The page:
Making ‘Mother!,’ the Year’s Most Divisive Film

The dark lord materialized moments later. It’s not an ill-fitting nickname, at least cinematically. On screen Mr. Aronofsky has conjured up all manner of ghoulish misbehavior and grotesqueries in “Requiem for a Dream” and “Black Swan.” “Mother!,” an ambitious parable hidden in a horror flick, tops them easily. What starts as a home invasion-psychological thriller ends in flaming nightmare surrealism, stuffed with themes that divided, and mystified, critics.

“‘Mother!’ will likely be 2017’s most hated movie,” declared the Verge, while others called it “brilliant” and “an unparalleled achievement.” “It’s a hoot!” A.O. Scott wrote in The New York Times.

With a reported $30 million budget and an artistic sensibility usually reserved for the indie crowd, it’s a wild gamble as a major release for its studio, Paramount, especially on the heels of “It,” Warner Bros.’s more traditional, and decipherable, horror blockbuster. Even with the benefit of two Oscar winners in a usually surefire genre, and the frisson of a romance between the director and the leading lady, “Mother!” underperformed its modest box office estimates after opening Sept. 15. But if it alienates mass audiences, it could also be the slow-burn conversation piece of the year, with high-profile defenders including Anthony Bourdain, the “Star Wars” director Rian Johnson and Chris Rock.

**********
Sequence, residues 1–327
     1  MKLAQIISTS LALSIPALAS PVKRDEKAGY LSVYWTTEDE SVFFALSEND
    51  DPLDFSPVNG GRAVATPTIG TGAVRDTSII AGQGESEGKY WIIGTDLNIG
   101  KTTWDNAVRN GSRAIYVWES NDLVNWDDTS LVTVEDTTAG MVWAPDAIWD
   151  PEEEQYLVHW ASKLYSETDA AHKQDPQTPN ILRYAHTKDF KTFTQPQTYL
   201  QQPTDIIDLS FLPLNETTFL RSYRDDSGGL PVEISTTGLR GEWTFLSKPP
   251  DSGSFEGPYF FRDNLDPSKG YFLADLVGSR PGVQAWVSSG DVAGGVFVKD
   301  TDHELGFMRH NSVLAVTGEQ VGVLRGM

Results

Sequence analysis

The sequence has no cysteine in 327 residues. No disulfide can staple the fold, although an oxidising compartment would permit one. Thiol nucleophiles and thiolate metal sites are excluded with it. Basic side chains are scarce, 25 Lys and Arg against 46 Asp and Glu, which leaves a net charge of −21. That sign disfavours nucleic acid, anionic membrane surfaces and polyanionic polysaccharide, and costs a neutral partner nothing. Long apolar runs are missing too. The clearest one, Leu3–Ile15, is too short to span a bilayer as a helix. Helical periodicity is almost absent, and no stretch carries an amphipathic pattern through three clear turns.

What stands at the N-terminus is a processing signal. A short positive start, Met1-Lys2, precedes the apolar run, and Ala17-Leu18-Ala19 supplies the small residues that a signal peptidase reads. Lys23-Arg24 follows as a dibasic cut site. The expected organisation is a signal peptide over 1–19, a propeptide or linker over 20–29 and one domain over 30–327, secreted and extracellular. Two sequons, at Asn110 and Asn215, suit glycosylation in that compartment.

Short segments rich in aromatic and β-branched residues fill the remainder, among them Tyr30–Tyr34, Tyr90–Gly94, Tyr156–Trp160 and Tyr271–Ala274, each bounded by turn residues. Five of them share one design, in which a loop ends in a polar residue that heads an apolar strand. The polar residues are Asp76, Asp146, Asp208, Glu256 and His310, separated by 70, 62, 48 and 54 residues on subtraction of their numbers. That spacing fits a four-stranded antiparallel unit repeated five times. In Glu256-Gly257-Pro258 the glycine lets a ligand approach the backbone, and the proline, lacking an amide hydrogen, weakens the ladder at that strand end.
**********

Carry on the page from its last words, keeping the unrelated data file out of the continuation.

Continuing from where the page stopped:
On the surface, it’s about a couple, Ms. Lawrence and Javier Bardem, in a rambling, secluded Victorian house. He’s a poet, with one major hit but troubled by writer’s block; she is renovating their home, forever tidying up. Their placid life is dismantled by hordes of uninvited guests who won’t leave. All the symbolism — packed like a Russian nesting doll, with religious iconography, celebrity culture and military-industrial-state overtones — is in service of one grander idea, the allegory that moved Mr. Aronofsky to write the script in an uncharacteristically prolific five-day stretch. “I just pounded through it, kind of like a fever dream,” he said.

But the allegory seems to have eluded many viewers, and Mr. Aronofsky and Ms. Lawrence disagreed about how much to reveal. “He wants people to go in blind,” she said, which she felt was a shame. “You’re going to miss all of the detail and all of the brilliance behind the whole movie,” she said. “My advice is to understand the allegory.”

Mr. Aronofsky favored an unsuspecting…

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